The sculpture depicts three girls holding hands on top of a cylindrical pedestal with a grandmother figure watching them from the ground.

A plaque is placed in front of it explaining that thousands of women from 13 Asian Pacific nations, including Korea and China, were forced into sexual slavery for Japanese troops between 1931 and 1945.

The monument also includes a message that urges the Japanese government to “acknowledge its responsibility and formally apologize.” It also shows testimony from a former comfort woman who expressed her fear that a painful history might be forgotten in the future.  [Yonhap]

My only problem with these statues being put up in the US is why should a public park be used to push a political agenda?  Especially a political agenda that is not true when its say the Japanese government has not apologized when the Prime Minister himself has apologized multiple times.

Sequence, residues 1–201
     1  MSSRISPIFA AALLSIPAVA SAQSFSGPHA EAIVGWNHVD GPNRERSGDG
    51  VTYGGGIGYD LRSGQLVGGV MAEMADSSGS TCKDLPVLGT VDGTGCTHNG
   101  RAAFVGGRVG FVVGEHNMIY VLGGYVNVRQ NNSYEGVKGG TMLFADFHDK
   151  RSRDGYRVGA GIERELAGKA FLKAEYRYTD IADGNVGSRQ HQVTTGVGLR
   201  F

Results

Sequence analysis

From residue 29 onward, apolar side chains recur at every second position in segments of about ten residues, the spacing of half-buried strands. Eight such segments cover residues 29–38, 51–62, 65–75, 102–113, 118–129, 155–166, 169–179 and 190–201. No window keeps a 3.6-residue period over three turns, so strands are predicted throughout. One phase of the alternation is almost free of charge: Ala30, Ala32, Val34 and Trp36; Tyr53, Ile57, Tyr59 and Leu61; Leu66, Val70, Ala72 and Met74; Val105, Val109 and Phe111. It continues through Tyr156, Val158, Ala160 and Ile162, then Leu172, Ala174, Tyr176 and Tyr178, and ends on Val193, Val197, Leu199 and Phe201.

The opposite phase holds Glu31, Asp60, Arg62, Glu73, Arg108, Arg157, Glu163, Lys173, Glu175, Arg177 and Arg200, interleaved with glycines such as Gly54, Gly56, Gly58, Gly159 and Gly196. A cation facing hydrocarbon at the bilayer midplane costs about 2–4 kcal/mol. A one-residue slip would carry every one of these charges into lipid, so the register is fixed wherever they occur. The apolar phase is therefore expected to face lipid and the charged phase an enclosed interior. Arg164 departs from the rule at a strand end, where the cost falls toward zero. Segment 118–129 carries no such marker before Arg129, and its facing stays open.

In Seoul on Monday, Japanese Foreign Minister Fumio Kishida said Abe “expresses anew sincere apologies and remorse from the bottom of his heart to all those who suffered immeasurable pain and incurable physical and psychological wounds as ‘comfort women.’” Abe later called Park to apologize, and she called for a new era of trust between the countries. [Seattle Times]

Just because some people in Korea don’t accept the apology doesn’t mean it did not happen.

Picture of the Day: Comfort Women Monument in New Jersey

Monument for victims of Japan's sexual slavery